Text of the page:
With Penn looking for its new athletic director, it is time to call in the consultants.

After naming a 14-person search committee to find a replacement for Steve Bilsky — who is retiring effective June 30 — Provost Vincent Price told The Daily Pennsylvanian last week that Penn has begun looking for a consultant firm to help the search move forward.

“Like all of our searches, we’ll start with a process of consultation,” Price said. “We’ll be gathering ideas from around the campus community, helping refine our thinking about what people view as the biggest opportunities and challenges for Penn Athletics.

“That process will go on for the next month and a half or so and will absolutely inform the way we approach the search.”

By hiring an outside firm, the University will be able to keep its search out of the limelight, turning to another group to help come up with candidates that fit the school while helping to inform the decision of the 14-person committee.

“These processes work best when there is a lot of information that flows into the committee and no information that flows out,” Price said. “So we have at our disposal a good sense of what the community wants and needs to inform our process, but we don’t let that trip us up when recruiting the best candidate.”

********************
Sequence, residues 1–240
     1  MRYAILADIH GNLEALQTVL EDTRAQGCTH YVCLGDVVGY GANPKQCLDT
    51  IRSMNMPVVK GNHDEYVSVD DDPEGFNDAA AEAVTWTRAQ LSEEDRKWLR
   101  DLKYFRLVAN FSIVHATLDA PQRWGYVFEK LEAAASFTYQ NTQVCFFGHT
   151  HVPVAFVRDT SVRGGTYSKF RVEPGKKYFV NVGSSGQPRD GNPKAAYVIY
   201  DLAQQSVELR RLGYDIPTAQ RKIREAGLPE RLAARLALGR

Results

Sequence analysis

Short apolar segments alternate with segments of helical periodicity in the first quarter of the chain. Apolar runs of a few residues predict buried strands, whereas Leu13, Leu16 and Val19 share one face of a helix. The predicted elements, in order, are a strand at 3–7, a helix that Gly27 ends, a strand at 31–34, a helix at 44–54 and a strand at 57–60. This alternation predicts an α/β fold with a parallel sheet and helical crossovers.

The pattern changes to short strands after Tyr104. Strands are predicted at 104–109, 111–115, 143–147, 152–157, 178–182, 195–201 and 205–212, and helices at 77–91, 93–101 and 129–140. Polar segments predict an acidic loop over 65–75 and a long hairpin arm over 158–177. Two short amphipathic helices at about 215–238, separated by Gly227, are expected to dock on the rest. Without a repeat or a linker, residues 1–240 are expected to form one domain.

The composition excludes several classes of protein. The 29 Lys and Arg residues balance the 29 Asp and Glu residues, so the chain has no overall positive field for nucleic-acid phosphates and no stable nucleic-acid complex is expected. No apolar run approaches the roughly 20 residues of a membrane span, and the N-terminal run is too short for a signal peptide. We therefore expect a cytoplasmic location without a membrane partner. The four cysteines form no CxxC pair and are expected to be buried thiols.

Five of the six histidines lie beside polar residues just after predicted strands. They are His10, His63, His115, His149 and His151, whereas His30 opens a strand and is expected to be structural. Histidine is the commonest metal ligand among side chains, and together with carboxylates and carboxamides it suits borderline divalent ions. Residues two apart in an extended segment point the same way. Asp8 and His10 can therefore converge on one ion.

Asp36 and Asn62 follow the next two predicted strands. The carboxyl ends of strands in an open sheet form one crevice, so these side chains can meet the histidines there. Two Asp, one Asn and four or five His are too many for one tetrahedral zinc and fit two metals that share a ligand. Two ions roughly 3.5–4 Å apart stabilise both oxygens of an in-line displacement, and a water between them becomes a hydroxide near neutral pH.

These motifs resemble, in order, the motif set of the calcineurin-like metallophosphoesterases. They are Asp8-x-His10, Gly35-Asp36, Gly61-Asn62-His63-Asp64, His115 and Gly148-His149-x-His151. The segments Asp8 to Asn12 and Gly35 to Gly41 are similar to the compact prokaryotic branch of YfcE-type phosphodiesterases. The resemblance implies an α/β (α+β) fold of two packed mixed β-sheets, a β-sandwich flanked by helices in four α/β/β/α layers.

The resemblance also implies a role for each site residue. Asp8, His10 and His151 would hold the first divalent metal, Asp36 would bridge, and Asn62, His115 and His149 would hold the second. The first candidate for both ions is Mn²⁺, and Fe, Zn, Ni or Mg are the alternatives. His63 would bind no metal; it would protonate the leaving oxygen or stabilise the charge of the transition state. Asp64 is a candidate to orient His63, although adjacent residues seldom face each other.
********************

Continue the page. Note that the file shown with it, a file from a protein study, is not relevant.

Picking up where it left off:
With multiple dean searches going on, the University will be conducting the AD search in a similar fashion, albeit with the possibility of more outside interest in this particular search.

“We do this with all high level searches,” Price said. “The consultants, we evaluate them on their experience. We do a lot of referencing to know what searches have happened recently.”

One recent search that came to an end was at Virginia Tech, where the university hired Todd Turner, a former athletic director in the NCAA, to head its process.

Yet while Turner’s firm, Collegiate Sports Associates, has worked on many national AD searches, Penn may be looking for a firm with more experience within the Ivy League. Among Price’s hopes for the consultants is that the firm will work hard to understand Penn.

While Penn is in the beginning stages of its search for a new athletic director, rival Princeton is much further along in the process, having begun this fall.

And unlike Penn, the Garden State Ivy decided not to hire a search firm to assist in the process, going for a more open search. Princeton has had multiple open forums to get input from students, faculty and alumni.

But with Princeton going with a public process, the process is also moving slowly. And with Penn going to an outside consulting group —which can alleviate the day-to-day work and help narrow the field of candidates — the University could find its new AD in much less time.

With whatever firm Penn hires, the outside group will also be able to provide Penn with not just prospective candidates but also background checks and other verification to assist the committee in the important process.

So for now, let the consultation begin.


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